Emancipation typically occurs when a minor reaches the age of majority, which in Pennsylvania is 18, and is then independent of his or her parents. Emancipation can also occur before a minor reaches the age of 18, where a minor utilizes the legal system to become legally responsible for him or herself. In fact, either the minor or the parents may petition the court for the minor to be emancipated. However, parents may not seek to have their minor child declared emancipated in order to escape their duty to provide for the minor child.
The process of emancipation can begin through the actions of either the parents or the minor. There are several different ways for that to take place.
Marriage is one way for a minor to become emancipated without resorting to the court system. In Pennsylvania, if a minor, aged 16 to 18, gets married, he or she is automatically emancipated. However, Pennsylvania law requires a minor to have parental permission to get married. So if a minor wnats to become emancipated through marriage, that individual will still need parental consent.
In Pennsylvania, if a minor’s marriage is terminated through divorce, that
A minor can also become emancipated by joining the United States Armed Forces. By law, the minimum age for enlisting in the military is 17. Also, like marriage, enlisting in the military requires parental consent. So, again, emancipation through military service will not be an option for those that are unable to get their parents’ consent.
Unlike some states, Pennsylvania does not have a specific emancipation of minors statute. Some states specifically set forth the requirements for being declared emancipated and the standard that the judge will use to make his or her determination. Currently, Pennsylvania courts will view the individual circumstances of each emancipation request and determine whether the minor is able to support him or herself, or whether the individual will require parental support.
For the most part, there is not one specific factor that will affect the judge’s decision of whether to grant or deny a minor’s emancipation. However, the judge will most likely consider a number of factors when rendering his or her decision, including:
While the idea of emancipation seems like an ideal situation for many teenagers, it can be fraught with difficulties. Living alone and providing for yourself can be daunting from some adults, let alone a teenager. Carefully evaluate your individual situation before embarking on the process to become emancipated. In addition, the emancipation process, particularly if you are seeking a court order, can be expensive. A court order will likely require you to pay attorney’s fees as well as the filing fee. While it is possible to return to your unemancipated status, the process will require time, money and effort that you will not get back.
A minor’s emancipation means a great deal of change for the minor. Once emancipated, the minor must provide for him or herself. The minor must have a job, or he/she will not be able to meet the support requirement. An emancipated minor must pay for his or her own food, housing, education and medical care. Essentially, an emancipated minor must not rely on his or her parents for anything.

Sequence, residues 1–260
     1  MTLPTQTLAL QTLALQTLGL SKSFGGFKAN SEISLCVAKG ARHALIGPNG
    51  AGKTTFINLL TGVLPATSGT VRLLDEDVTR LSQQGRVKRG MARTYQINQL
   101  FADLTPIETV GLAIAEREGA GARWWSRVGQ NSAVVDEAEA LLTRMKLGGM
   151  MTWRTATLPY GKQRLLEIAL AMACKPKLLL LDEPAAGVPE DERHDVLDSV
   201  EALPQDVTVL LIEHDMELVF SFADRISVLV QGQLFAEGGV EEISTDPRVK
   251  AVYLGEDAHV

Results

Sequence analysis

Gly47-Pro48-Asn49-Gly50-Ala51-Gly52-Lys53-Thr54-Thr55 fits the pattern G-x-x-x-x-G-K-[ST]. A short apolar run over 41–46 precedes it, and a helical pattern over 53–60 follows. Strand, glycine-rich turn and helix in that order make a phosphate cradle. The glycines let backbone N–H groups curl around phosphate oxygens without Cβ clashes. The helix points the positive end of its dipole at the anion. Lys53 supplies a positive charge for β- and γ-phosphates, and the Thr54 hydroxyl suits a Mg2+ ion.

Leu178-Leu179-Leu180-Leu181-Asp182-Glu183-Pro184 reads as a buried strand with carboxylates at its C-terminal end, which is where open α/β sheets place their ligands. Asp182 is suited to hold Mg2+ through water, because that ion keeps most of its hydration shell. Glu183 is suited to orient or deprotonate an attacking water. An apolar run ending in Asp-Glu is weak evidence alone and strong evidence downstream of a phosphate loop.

Once a minor is emancipated, he or she may:
Once a minor becomes emancipated, the minor’s parents are no longer responsible for the minor. The parents do not need to provide money, shelter, employment, education or medical care.
In some cases, a court may grant a minor an implied partial emancipation. In an implied partial emancipation, the minor is only emancipated for certain purposes but not for others. For example, the court may grant the minor an implied partial emancipation for medical issues when the minor is pregnant, but still ensure that the minor’s parents are responsible for the other aspects of his or her life. In another common example, a minor may become emancipated so he or she is eligible to receive a benefit from the government, but will remain unemancipated in all other aspects of their life.
Even when a minor is emancipated, most states still will not allow a minor to quit school. Federal law requires minors to attend school until they are sixteen, and even when a minor is emancipated, he/she cannot quit school before age sixteen.
In some situations, emancipation is a method for allowing a minor to attend a different school district. For example, if a minor’s parents reside in a school district that does not provide sufficient programs for the minor or is simply not providing the right education opportunity, then the minor may seek emancipation in order to live on alone or with another adult in a different school district.
Typically, a parent is responsible for the acts of their children, and a parent can, at times, be sued for the child’s actions. However, once a minor is emancipated, the parents are no longer responsible for the minor’s actions. If the minor acts wrongfully or negligently, they can be sued individually, rather than through his or her parents.
In addition, an emancipated minor is able to enter into legal contracts, and those contracts are enforceable against the emancipated minor. Generally, however, minors cannot enter into contracts, and if they do, they cannot be legally held to the terms of the contract.
Emancipation is a drastic choice and is not right for every situation. If you are considering emancipation, you may wish to review some additional options, including:
A Fellheimer & Eichen family law attorney can answer your questions about emancipation and guide you through the legal process.